By the way, a writing friend and one of the founding members of the notorious WWWP writing critique group, Tammy, just got some fabulous news. (Tammy writes the kind of prose that makes some writers in her critique group hate to follow her. Sometimes we scratch each other and pull each other's hair, vying for a spot before Tammy, so we won't have to paddle behind in her wake...)  She is one of the six (count 'em--6) finalists in the Reader's Digest 100 word essay contest. This is a competition I didn't even contemplate entering, because I can't imagine (me) writing anything of substance in just a few words.

      If you're from the typewriter era, read Tammy's post and travel back in time.


Monday, March 31, 2014

Honesty...Such a Gift

         My daughter is honest about how she feels about my shoes. They're atrocious. She has tried to get me to buy some cute(r) Crocs--ones that are fleece-lined--but I stand firm. Crocs--the basic ones--are perfect because if they get muddy, you just hose 'em off and they're good to go...over and over and over again.

      My dog is honest about anything that falls onto the floor. It's delicious (and is gone instantly).

      My husband is honest about my hair. He'd like me to get it styled like Olivia Wilde--and then we'd look exactly alike...                   

         Almost a year ago, I dragged what I thought was a manuscript to Conception, Missouri. The occasion? A writing retreat, led by Britton Gildersleeve. (I know--what a fabulous name, right?) Britton is not only a director of a National Writing Project in Oklahoma, she is also a voracious reader, can talk faster than a speeding bullet and knows exactly what questions to ask in order to get a writer onto the right track.

     What I learned quickly from Britton was that my story lacked meat. Or rather, it lacked a thread--a thread that would connect the "layers."

        (Why couldn't I have just written a straight-forward story? It's my first--and perhaps my last--novel. Why did I have to complicate things?)

     By Wednesday evening, five people will have my manuscript. (Whether they read it or not is a different story.) I'm incredibly curious and will have trouble reining in my pestering questions. Dothelayersmakesense? Doyoucareaboutthecharacters? Isitanicemixofhumorandseriousness? Doesitflowsmoothly? 

      Why do you have ants in your pants these days? or  When did you have trouble either delivering honesty of receiving it?


Thursday, March 27, 2014

A Retreat from Routine

        Earlier this week I went on a writing retreat. It was held at an abbey. A monk-ery. With most people, it would have been a 6-hour car trip, but we managed to make it in 13 hours. (I picked up two writing friends, then swung by and picked up my daughter and granddaughter. Using a shoehorn, everyone was wedged into the car, and in Kansas City we stopped and had lunch. Then, we met up with my son, and my daughter and grandbaby left with him. The three of us who remained headed to a grocery store in St. Joseph--a town that was on the way to Conception, Missouri. It was the stinkiest store I've ever encountered. After quickly exiting, we found a different (and better-smelling) store. We then made our way to Conception.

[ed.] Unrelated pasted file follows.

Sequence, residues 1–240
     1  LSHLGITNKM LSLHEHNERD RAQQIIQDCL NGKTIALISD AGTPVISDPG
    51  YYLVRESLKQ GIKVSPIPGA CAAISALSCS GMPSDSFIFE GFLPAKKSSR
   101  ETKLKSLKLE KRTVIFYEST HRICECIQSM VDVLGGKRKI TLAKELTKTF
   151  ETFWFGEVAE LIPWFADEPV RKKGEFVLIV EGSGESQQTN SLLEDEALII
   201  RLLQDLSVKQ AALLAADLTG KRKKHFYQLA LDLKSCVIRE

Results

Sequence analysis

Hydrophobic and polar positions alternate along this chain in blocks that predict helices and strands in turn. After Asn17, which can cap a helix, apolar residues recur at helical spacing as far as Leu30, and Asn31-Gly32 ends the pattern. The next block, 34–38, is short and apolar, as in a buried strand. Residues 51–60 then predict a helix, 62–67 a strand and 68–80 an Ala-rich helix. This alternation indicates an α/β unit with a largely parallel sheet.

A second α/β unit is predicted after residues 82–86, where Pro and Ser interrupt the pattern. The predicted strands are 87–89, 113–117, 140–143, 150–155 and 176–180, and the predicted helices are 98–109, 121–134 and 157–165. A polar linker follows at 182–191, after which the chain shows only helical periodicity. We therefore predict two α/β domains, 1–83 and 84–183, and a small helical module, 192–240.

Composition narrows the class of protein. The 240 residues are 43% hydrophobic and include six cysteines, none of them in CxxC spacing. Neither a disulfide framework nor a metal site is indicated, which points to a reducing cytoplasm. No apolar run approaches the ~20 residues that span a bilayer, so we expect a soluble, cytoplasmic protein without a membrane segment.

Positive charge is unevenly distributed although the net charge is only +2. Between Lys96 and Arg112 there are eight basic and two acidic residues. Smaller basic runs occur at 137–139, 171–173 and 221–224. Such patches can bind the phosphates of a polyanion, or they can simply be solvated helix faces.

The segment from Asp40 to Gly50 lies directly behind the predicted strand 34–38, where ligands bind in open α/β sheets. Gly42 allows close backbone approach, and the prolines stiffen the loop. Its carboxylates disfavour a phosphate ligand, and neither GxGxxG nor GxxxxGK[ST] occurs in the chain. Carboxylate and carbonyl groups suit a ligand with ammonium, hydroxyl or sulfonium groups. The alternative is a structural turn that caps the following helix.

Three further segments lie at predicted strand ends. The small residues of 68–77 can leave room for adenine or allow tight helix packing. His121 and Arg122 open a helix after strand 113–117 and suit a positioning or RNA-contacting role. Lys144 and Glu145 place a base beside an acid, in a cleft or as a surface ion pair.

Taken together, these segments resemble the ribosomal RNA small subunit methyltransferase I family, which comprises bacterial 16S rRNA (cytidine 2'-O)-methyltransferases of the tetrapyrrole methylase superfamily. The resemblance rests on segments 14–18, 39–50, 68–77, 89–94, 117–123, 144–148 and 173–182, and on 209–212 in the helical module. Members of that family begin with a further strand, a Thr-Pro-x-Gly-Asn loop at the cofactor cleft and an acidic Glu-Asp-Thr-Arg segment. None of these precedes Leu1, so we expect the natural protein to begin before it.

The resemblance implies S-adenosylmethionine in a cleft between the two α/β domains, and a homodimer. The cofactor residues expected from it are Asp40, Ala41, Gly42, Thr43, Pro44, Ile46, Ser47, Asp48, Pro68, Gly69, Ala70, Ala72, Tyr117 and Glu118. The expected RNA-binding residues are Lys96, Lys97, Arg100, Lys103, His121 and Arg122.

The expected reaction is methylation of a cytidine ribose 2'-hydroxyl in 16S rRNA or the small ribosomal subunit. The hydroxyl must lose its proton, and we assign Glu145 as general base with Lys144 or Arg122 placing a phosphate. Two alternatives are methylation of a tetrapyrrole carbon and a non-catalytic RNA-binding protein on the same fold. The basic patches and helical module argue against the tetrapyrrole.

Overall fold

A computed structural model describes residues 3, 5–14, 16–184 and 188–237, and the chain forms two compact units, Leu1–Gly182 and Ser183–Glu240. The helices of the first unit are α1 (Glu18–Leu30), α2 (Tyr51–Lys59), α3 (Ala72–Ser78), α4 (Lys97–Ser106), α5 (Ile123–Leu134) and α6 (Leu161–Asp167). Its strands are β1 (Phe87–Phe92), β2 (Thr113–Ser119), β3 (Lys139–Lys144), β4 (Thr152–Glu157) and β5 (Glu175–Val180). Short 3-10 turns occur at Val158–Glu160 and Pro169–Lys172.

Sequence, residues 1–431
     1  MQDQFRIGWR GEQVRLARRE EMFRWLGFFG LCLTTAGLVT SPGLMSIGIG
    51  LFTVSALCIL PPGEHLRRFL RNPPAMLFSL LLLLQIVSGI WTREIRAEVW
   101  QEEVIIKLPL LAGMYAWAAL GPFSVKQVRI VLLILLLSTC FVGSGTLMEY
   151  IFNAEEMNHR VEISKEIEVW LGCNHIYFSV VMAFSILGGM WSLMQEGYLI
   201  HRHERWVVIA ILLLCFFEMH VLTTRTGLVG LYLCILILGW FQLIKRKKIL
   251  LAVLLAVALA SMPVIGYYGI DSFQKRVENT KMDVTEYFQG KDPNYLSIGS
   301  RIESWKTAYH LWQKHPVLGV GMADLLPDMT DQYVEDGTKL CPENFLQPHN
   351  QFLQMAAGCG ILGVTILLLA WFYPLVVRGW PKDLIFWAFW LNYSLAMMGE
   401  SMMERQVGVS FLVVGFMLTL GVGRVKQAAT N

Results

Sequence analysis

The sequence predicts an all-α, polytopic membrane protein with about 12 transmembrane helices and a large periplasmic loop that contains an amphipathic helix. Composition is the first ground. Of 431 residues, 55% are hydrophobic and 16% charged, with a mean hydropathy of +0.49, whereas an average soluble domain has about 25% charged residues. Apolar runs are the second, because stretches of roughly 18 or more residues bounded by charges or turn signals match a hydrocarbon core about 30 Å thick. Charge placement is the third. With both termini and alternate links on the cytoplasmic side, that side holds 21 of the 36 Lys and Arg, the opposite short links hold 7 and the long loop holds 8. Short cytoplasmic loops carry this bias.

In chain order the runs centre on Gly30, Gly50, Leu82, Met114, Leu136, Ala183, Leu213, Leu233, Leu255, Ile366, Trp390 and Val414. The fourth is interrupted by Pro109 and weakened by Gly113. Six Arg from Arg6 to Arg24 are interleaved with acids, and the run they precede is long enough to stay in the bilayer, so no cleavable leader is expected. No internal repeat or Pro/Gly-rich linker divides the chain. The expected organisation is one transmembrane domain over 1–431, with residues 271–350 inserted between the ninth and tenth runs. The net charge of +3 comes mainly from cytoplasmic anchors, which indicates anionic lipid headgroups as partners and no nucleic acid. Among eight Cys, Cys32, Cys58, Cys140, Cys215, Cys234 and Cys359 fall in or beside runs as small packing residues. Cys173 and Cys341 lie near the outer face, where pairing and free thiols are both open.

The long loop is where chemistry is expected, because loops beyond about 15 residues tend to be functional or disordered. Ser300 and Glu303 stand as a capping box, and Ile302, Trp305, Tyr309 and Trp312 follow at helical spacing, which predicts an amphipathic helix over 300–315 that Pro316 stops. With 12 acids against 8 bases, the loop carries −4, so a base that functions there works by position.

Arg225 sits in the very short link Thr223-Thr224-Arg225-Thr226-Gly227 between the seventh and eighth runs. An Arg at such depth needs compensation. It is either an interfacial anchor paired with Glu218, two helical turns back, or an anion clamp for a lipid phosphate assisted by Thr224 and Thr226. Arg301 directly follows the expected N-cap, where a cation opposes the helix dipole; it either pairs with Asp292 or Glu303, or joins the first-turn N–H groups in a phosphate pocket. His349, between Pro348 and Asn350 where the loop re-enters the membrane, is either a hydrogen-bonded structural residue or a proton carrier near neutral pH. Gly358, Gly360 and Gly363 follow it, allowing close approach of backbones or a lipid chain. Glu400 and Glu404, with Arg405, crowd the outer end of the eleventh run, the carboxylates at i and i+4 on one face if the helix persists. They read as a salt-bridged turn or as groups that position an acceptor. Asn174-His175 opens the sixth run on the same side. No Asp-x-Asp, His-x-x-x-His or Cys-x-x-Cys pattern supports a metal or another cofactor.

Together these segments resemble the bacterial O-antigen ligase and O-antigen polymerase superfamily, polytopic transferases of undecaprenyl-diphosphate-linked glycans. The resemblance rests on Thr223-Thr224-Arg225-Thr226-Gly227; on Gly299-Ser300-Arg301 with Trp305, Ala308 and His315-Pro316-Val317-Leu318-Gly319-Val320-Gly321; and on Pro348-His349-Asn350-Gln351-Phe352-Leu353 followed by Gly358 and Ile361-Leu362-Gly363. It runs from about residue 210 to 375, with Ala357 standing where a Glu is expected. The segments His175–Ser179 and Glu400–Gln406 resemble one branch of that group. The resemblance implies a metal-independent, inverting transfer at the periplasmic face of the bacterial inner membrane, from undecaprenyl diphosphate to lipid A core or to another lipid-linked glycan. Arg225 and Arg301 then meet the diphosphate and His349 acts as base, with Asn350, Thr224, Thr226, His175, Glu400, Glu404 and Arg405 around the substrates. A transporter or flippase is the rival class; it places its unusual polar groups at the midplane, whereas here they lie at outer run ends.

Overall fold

Some time to write. Some time in a different place, with a different routine, which often makes a big impact on writing. Some time that's full of nothing but quiet and blank pages (or a blank screen).

      As I wrote, I took occasional breaks to read. I also went on some short walks. As the time passed, I thought about what makes--for me--a productive writing retreat.

      Begin the day with something bright. I did some reading (a John Irving novel) that jumpstarted my creative juices.

       Don't bring too much baggage with you. (I only brought this small bag because it was five people--and one was in a booster seat--in a Prius. Since we were wedged in like Europeans, I also packed like a European--lightly--and everyone smoked thin French cigarettes on the way to keep with the theme...even my seven-year old granddaughter.) Leave your self-doubts  and your destructive inner critic at home.

       Be aware of the "extra" things you need. Research material. Post-its. Hand-written first drafts. Be sure to bring what you require in order to keep the writing flowing. (I only ate half of the box of Cheezits. I swear. The rest I gave to a grateful son, who has two hollow legs.)

       Surround yourself with inspiration. Bring something great to read, so you can take an occasional break from writing. (The abbey has a huge library--three floors of books--and although most are academic-type books, I did find a good-sized section of novels and poetry books.)

       Be prepared for changes. You may go on the retreat with certain goals in mind, but things might change, and you have to be flexible. (There are lots of farms in the area that "grow" electricity instead of corn. If you've never stood right under one of these giant windmills and embraced it, you should. It's quite an experience.)

        Stay grounded. Don't set goals that are too lofty and also avoid setting goals that are unattainable. (I originally planned on revising a manuscript, but that wasn't possible, so I worked on a couple of submissions for an anthology. This is the front of the church at the abbey.)

     The trip back only took ten hours--a record-breaking time. (We stopped at Half-Price Books in Kansas City--a huge used book store--and shopped for a couple of hours, and then had a late lunch before heading back to St. Louis.) 

         What are some of your favorite places to write--or some of your favorite retreat spots--and why are they ideal for you as a writer?